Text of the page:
A parallel journey to realising the power of stammering as an art form

When I was growing up I was always given the impression that my stammer was a sign of weakness, something that should be cured or fade away. I turned to art to drown out these expectations and, in a way, give me a second voice people actually listened to. It wasn’t until I was an … read more…

The Fluency Questionnaire

To celebrate International Stammering Awareness Day 2021 and to contribute to the International Stuttering Association online conference, we developed The Fluency Questionnaire.  Inspired by The Heterosexual Questionnaire attributed to Martin Rochlin (1972), it is based on fluency-phobic premises, rather than the fluency-philic premises currently dominate in today’s society. The Fluency Questionnaire aims to upend the typical dynamics … read more…

Stuttering and masculinities

It is estimated that the prevalence of stuttering is four times greater in males than females. Yet, little is known about the masculinity experiences of men who stutter. I, myself, am man who stutters. I have been stuttering since I can remember. I have been bullied, teased and discriminated against as a person who stutters. … read more…

Spontaneous Stuttering

What does speech feel like when it feels good? When it feels bad? What does it feel like when we’re struggling? When we’re not struggling? Can we stutter without struggling? Can we be fluent while struggling? I asked these questions to groups of people who stutter. Their responses coalesced around a similar theme: when speech … read more…

Beyond Chasing Fluency: Exploring the Interplay among Intersectional Identities

When one of the directors of the school district I work for asked me to “speak up more” during meetings, I got defensive. At one meeting, he even forgot I was there and skipped over me when it was my turn to present. I’m a quiet person, but I speak with intention. As a school-based … read more…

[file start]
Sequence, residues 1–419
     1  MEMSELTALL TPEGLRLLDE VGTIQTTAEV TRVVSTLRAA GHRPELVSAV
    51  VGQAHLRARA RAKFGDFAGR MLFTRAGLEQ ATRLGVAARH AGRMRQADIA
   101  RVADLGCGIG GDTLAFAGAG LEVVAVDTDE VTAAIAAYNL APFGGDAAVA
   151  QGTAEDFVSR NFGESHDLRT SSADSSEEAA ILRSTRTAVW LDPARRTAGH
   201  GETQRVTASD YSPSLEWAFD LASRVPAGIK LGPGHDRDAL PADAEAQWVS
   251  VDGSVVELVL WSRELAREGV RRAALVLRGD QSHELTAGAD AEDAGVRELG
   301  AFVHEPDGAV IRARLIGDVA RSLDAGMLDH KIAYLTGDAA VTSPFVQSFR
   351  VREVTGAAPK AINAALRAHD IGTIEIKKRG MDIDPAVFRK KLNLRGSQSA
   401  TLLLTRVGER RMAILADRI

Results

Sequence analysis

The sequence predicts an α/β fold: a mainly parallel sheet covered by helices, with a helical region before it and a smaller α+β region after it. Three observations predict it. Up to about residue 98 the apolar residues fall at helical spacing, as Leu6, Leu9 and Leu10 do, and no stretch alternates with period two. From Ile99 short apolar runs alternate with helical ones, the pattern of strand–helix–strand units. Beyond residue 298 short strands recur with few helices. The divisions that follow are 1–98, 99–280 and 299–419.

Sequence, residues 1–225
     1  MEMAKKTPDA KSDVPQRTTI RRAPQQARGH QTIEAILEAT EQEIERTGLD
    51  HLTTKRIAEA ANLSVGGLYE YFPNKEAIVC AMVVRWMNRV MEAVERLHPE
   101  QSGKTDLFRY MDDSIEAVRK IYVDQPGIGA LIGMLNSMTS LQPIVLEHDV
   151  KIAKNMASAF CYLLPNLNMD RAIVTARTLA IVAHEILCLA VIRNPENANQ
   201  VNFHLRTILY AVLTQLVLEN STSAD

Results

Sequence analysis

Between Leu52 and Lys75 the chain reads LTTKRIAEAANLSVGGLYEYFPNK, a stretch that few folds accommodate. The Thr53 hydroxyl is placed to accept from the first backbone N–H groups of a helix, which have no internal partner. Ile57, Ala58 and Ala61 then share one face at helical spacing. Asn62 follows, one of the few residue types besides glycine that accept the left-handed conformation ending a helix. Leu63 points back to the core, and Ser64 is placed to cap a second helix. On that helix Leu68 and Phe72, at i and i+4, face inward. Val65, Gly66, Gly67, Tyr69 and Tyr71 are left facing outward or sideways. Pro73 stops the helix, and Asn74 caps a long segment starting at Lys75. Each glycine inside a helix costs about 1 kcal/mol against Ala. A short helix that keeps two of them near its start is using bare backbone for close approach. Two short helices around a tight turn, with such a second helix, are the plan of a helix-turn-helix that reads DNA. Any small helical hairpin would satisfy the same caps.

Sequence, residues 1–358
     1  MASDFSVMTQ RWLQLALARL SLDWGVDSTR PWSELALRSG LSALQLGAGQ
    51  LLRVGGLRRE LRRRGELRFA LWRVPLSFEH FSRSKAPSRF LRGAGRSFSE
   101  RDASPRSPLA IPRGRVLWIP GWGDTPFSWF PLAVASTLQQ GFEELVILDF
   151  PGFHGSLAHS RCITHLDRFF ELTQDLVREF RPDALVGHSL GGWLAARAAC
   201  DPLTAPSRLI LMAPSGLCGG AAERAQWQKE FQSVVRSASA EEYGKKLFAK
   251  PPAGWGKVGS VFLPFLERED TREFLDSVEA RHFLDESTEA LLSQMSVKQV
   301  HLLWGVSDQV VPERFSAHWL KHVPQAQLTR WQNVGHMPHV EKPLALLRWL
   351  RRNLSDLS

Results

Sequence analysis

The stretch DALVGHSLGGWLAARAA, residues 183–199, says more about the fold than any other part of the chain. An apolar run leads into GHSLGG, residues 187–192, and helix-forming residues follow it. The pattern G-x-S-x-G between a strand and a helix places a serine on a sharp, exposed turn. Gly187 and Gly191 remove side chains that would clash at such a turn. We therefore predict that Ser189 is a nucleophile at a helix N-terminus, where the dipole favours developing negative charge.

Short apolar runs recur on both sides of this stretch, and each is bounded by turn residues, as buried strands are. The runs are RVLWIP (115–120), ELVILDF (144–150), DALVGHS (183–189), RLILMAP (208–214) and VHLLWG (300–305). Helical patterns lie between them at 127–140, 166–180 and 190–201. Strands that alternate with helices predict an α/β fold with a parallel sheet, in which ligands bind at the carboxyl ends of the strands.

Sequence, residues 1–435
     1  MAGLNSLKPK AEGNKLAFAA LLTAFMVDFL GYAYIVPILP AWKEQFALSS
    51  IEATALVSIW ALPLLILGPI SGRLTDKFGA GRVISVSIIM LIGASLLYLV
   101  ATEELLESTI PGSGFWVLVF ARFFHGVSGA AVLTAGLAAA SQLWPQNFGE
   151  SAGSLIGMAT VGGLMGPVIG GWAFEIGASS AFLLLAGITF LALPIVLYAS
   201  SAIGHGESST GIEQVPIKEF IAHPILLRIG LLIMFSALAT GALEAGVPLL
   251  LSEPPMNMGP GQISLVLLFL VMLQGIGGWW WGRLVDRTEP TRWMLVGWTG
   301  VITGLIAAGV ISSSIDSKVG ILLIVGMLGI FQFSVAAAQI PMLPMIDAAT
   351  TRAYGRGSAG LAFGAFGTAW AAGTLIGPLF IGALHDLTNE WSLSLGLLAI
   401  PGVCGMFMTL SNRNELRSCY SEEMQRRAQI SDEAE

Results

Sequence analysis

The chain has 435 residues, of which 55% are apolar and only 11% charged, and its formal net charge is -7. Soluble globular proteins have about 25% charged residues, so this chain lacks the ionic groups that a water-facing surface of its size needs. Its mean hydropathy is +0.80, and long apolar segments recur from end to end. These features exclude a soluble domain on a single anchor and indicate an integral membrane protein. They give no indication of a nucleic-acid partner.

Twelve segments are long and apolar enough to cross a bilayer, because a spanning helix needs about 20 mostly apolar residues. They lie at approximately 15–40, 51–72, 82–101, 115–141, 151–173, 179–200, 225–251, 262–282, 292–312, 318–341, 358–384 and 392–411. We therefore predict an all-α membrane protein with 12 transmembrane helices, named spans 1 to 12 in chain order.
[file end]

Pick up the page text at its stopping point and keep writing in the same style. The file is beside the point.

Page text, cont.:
Talking, typing, and the social model of disability

When I was in primary school, I had a teacher who was over-enthusiastic about the virtues of touch-typing. Over the years, he slowly collected disused desktop computers, building up his collection until there was one for every student in his class. They lined the perimeter of the classroom, balanced on assorted desks and tables. He … read more…

We need to talk about therapy for children who stammer: a new approach

In the previous blog post, ‘We need to talk about therapy for children who stammer’ (March, 2019) we argued against traditional, medical model practices which perceive stammering as un-natural or disordered, and focus on eradicating or diminishing stammering. We argued for a new, consistent approach to support children who stammer in their early years; one … read more…

Reflecting on the power behind language

Working as a speech and language therapist for over 15 years, I had some awareness of the social model of disability, but it’s fair to say that most of my training taught me to view communication differences from a medical model perspective. There isn’t anything too unusual about this as a speech and language therapist. … read more…

Re-imagining adult stammering therapy

Last year, I went to a talk by Max Gattie on the therapies available to adults who stammer. Max listed the core approaches most people opt for: City Lit, NHS therapy, McGuire and Starfish. I realised, whilst looking at the whiteboard he wrote them on, that they are all informed to some extent by the … read more…

Personal reflections on shades of fluency

For those who stammer, the notion of fluency is something that has flittered through thoughts and conversations over many years. Early on, we are not necessarily aware of the terminology, but we begin to notice physical and emotional differences between words that flow more easily than others. Later, any venture into speech therapy likely exposes … read more…